July 18, 2014

THE SKED Series Premiere Review: “Married”


MARRIED:  Thursday 10PM on FX – If Nothing Else Is On…

Acrid indie comedy is FX’s brand, with shows like It’s Always Sunny In Philadelphia, The League, Legit and (although it transcends such categories) Louie.  The network has introduced a new pair for the summer, the first of which is Andrew Gurland’s MARRIED.  It’s on-brand, but very much at the low end.

The married couple of the title are Russ (Nat Faxon) and Lina (Judy Greer), who have 3 daughters and are, for the most part, heartily sick of each other, but are bound by the kids and their own inertia from doing anything about it.  The pilot, written and directed by Gurland (whose most prominent credit until now was as writer of The Last Exorcism), delineates the marriage almost entirely in terms of its lack of sex.  Lina won’t have anything to do with Russ, and when he tries masturbating in bed, she sends him to the couch (that’s the show’s opening sequence), then tells him that if he’s so desperate for a release, he can go find some other woman for satisfaction.  (But–surprise!–she doesn’t really mean it.)

Perhaps the biggest disappointment of Married is that although the title implies an equal look at both sides of the couple at issue, the pilot is told entirely from Russ’s point of view, largely wasting the wonderful Judy Greer in one of her rare starring roles; she can’t help coming off as a shrill, asexual scold.  For a while, it seems like the show might improve when it leaves Lina behind, because Russ’s friends are played by such strong performers as Jenny Slate, Brett Gelman and John Hodgman.  (Lena doesn’t get to have any friends.)  Their scenes together are the best in the pilot, even if they’re also the most routinely sit-commy.  (Russ makes the friend played by Hodgman swear, swear that he won’t tell his wife about the money Russ has borrowed, because she’ll immediately tell Lina.  Want to guess what happens next?)  But before long, Gurland’s plotting kicks in, and things get much worse, as Russ lurches into almost-sex with a younger Latina woman he goes to see in order to have the hair in his ears waxed.  She’s a divorcee sexpot haunted by the stillborn birth of her son Charlie, which broke up her marriage–but since this is supposed to be a comedy, she sleeps with the ultrasound of the fetus by her bed (Russ has to knock it off the bureau when he’s trying to have sex with her); later he buys her a puppy, which she insists on naming Charlie, and when Russ wants to stop hearing from her, he makes up a story that the dog named after her dead child has been killed in an accident.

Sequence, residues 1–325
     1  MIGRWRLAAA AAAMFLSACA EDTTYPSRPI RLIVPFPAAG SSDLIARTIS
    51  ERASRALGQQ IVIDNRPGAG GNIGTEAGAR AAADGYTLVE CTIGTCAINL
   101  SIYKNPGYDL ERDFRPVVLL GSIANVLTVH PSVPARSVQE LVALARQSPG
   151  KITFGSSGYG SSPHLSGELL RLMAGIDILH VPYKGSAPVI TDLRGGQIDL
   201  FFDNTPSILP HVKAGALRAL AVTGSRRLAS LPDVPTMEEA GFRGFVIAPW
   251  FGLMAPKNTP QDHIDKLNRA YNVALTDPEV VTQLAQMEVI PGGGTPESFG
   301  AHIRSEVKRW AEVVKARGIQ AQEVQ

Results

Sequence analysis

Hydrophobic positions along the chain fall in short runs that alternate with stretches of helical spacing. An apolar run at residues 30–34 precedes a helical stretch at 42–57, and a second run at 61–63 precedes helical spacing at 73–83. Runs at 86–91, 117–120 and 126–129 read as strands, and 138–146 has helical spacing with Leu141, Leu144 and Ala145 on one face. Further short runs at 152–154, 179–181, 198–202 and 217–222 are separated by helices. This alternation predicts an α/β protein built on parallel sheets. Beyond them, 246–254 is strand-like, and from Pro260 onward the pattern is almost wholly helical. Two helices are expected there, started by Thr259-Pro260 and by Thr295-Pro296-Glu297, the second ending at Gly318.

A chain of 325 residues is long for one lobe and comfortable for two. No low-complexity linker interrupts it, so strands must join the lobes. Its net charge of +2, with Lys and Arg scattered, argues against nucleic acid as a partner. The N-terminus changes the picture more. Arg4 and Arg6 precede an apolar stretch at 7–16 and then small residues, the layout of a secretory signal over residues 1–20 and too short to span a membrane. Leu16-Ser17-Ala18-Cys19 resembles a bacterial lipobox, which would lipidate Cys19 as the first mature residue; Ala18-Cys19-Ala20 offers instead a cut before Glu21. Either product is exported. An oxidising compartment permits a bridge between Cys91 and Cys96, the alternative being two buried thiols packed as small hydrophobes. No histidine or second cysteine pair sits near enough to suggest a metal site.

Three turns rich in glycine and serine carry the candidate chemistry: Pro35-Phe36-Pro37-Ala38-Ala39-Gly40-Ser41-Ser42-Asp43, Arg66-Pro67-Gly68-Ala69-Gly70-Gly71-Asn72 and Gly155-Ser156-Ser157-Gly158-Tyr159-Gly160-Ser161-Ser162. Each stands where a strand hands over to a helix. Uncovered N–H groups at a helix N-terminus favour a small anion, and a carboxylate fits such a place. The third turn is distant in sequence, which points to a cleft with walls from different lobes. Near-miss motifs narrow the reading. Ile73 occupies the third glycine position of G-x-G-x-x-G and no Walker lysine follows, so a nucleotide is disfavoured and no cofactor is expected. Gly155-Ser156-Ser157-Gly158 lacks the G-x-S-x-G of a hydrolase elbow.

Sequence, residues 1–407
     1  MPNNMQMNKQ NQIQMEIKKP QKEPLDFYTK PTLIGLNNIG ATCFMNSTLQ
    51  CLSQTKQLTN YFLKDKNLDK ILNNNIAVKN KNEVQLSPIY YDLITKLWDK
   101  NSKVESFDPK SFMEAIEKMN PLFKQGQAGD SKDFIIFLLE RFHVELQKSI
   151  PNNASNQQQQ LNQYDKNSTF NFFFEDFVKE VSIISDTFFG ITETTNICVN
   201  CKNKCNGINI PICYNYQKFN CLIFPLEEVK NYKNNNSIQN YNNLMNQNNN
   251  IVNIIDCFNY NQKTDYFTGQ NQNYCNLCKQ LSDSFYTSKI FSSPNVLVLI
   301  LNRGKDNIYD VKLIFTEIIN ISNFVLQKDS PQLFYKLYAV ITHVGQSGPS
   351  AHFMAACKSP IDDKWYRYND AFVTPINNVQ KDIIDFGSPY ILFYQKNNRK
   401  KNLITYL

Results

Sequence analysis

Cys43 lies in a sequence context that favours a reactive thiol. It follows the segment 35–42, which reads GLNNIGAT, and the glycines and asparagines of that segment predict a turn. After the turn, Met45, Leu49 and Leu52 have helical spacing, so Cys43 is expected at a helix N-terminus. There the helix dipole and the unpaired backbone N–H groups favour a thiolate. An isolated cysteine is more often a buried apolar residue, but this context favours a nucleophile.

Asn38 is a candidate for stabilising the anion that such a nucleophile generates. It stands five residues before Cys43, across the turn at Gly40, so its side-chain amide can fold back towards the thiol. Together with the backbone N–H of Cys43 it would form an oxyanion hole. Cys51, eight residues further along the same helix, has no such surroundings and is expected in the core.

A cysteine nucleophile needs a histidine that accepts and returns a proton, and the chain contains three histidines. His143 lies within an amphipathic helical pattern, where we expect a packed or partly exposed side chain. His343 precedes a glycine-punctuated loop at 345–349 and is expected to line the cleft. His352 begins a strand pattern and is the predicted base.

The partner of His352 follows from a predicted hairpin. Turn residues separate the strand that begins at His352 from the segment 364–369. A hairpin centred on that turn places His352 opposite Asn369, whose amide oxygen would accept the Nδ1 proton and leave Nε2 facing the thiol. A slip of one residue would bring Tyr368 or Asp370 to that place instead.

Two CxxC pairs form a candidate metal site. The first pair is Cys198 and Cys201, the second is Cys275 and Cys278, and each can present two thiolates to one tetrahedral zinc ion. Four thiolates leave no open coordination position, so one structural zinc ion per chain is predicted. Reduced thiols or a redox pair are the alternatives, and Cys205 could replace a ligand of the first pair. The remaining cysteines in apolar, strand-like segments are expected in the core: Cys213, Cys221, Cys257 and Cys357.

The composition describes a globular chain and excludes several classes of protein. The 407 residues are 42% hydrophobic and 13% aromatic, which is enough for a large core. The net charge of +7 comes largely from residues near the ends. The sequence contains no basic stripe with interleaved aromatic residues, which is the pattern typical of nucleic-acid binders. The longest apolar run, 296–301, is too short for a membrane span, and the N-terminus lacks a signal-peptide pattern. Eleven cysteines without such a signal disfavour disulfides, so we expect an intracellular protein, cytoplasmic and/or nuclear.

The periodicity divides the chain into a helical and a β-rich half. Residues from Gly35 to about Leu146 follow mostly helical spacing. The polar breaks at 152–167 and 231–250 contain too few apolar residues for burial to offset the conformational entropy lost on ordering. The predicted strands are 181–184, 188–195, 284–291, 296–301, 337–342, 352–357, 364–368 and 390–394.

This isn’t “dark,” really, because Gurland has no intention (or, seemingly, ability) to grapple with the very difficult emotions that might feed such ugliness–it’s just glib meanness, a series creator demeaning his characters so they don’t have to be taken seriously.  In its own way, Gurland’s work is as fake as any multi-camera, laugh-track-laden half-hour on CBS.

Faxon and Greer play off each other well (in another life, Greer gave a standout performance in The Descendants, whose Oscar-winning screenplay was co-written by Faxon), but he ambles through the pilot as a mere vehicle for sexual frustration, and Greer, as noted, is little more than his tormentor.  The supporting cast is much brighter, but only on screen for bits and pieces.  Gurland’s direction is heavy on mumblecore production values, emphasizing grungy digital visuals and an ever-shaky camera.

Married has the feel of a show that pitched well in the network’s creative room, then sounded even more promising as talented cast members fell in, all of it disguising that it was hollow from the start.  Perhaps over time the series will deepen to deserve its actors.


About the Author

Mitch Salem
MITCH SALEM has worked on the business side of the entertainment industry for 20 years, as a senior business affairs executive and attorney for such companies as NBC, ABC, USA, Syfy, Bravo, and BermanBraun Productions, and before that, at the NY law firm of Weil, Gotshal & Manges. During all that, he has more or less constantly been going to the movies and watching TV, and writing about both since the 1980s. His film reviews also currently appear on and In addition, he is co-writer of an episode of the television series "Felicity."